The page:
The second national study, conducted by the U.S. Department of Housing and Urban Development (HUD) (Bobo, 1984), also used the indirect method. Five hundred knowledgeable observers were contacted to obtain local estimates of the number of homeless people in a sample of 60 urban areas. In addition, HUD researchers spoke with 184 shelter managers in a separate random sample of shelters, visited 10 metropolitan areas, and interviewed officials in all 50 states. The HUD report estimated that there were from 250,000 to 300,000 homeless people in the United States.

There were several major flaws in the design and conduct of the HUD research. The first problem was that the contacts made in each of the 60 metropolitan areas were done by "snowball sampling," in which the interviewers first contacted sample units (shelters) that were known to them, and then used the information provided by shelter operators and other knowledgeable people to get names of other shelters or locations not on the initial list. Repetition of this technique should eventually lead to a complete list of all shelters, but several interactions are needed to be certain that the list is complete. Furthermore, this method leads to a different probability of contact for each unit in the population, since the probability is a function of how frequently the shelter is mentioned.

Another problem is the lack of uniformity of response or coverage from the 60 metropolitan areas included in the survey. Many advocates and others deal only with homeless people in their own immediate area, and may have no direct experience with homeless people in other parts of the metropolitan area or a good measure of how much movement there is between areas within the city. Obtaining estimates from people who have studied the homeless population for a whole city may be no better, since their methodologies and definitions vary. The city of Baltimore provides an example, where estimates of the number of homeless people there have ranged from 2,000 to 15,000 (Baltimore City Council, 1983; Health and Welfare Council of Central Maryland, 1983, 1986). Other cities have similar ranges, depending on how the research was done. Aggregating these numbers for 60 metropolitan areas and then weighting the numbers up to the national level may only be expected to produce estimates with larger meaningless ranges.

Applebaum (1986) points out that another problem with the HUD study is that it used population data for Rand McNally metropolitan areas (RMAs), which include but are much larger than the cities named in the survey. HUD asked respondents about the numbers of homeless estimated for the cities, but applied the reported homeless counts to the whole RMAs. This would lead to an underestimate of the number of homeless in the entire RMA; summing these estimates and weighting them up by the ratio of the U.S. population to the population of the sample RMAs would lead to an underestimate of the size of the homeless population for the entire country.

Finally, many local studies, including some of those incorporated into the HUD (Bobo, 1984) and Hombs and Snyder (1982) estimates, fail to distinguish between "point" estimates, which deal with the number of homeless on a particular day, and "period" estimates, which attempt to give a measure of the numbers of homeless over a period such as a year. The problems in deriving accurate period estimates are much more complex than those in deriving point estimates; estimates of the two types should never be combined.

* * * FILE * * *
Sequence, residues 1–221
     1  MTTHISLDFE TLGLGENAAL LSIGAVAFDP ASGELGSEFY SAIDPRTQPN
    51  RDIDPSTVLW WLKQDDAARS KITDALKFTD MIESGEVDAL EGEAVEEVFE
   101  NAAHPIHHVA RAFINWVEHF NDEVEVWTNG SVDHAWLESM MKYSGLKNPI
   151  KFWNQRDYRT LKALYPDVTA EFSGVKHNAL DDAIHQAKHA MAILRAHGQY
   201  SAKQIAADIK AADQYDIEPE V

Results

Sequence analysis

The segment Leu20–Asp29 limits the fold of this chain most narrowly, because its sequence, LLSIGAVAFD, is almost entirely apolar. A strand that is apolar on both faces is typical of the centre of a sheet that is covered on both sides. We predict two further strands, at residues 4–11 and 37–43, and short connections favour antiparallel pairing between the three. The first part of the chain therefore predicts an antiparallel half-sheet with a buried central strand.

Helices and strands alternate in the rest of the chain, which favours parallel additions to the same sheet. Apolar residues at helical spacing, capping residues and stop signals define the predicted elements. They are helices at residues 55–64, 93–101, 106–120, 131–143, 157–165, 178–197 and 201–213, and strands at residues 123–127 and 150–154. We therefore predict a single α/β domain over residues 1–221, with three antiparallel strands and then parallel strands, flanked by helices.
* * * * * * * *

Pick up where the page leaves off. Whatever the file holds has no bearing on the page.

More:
A good example of an indirect count conducted at the state level is that by the Health and Welfare Council of Central Maryland (1986). A list was developed of all shelter providers in the state, and data were collected from each one regarding the numbers of people sheltered on specific nights throughout the year. Where shelter providers did not keep precise records, they were asked to estimate as closely as possible. In this way an estimate of the number of sheltered homeless people was developed. Estimating the number of homeless people not sheltered presented greater problems. Here again, the investigators asked the informed service providers and other concerned agencies to estimate how many people in their jurisdictions were homeless but not in shelters on given nights. The responses provided very wide ranges of estimates, so the investigators devised weighting systems to be applied to the different counties depending on their levels of economic development and organization. They also employed expert informants to estimate the proportions of homeless people who may not ever come in contact with shelter providers and thus would not even be included in the unsheltered estimate. They developed adjustment factors based on these estimates, despite the fact that there was little unanimity as to the size of this hidden population. They expressed the view that their estimates probably were very conservative. In this way, they concluded that on an average night in 1985, 1,000 homeless people were sheltered in Maryland and that there were an additional 1,900 unserved homeless people. Of this total population of 2,900, 1,160 were in the city of Baltimore; the remainder were distributed throughout the state.